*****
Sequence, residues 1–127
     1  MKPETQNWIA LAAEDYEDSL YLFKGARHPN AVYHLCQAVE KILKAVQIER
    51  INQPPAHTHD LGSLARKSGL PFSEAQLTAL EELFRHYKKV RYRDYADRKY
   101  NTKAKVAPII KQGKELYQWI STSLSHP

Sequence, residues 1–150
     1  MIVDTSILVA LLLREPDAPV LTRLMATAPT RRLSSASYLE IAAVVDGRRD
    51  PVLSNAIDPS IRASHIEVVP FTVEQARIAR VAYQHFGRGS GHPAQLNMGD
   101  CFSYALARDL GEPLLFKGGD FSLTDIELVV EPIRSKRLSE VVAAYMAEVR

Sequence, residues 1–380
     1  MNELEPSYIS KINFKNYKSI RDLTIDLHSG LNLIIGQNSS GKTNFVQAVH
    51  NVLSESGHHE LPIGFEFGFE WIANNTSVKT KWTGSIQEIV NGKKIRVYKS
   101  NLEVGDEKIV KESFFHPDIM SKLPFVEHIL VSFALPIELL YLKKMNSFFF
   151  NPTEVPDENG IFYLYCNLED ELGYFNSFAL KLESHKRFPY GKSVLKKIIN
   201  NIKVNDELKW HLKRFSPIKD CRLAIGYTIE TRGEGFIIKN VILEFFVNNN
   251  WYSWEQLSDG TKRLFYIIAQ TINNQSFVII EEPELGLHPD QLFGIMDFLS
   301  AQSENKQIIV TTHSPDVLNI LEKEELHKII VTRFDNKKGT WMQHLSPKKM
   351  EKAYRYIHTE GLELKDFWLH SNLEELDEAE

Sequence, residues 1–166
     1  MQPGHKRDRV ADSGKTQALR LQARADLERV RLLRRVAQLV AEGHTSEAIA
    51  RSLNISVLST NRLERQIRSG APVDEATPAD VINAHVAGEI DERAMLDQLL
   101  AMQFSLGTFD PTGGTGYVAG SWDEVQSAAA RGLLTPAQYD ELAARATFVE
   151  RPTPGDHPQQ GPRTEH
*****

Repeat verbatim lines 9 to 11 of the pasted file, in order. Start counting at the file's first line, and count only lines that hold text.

Sequence, residues 1–380
     1  MNELEPSYIS KINFKNYKSI RDLTIDLHSG LNLIIGQNSS GKTNFVQAVH
    51  NVLSESGHHE LPIGFEFGFE WIANNTSVKT KWTGSIQEIV NGKKIRVYKS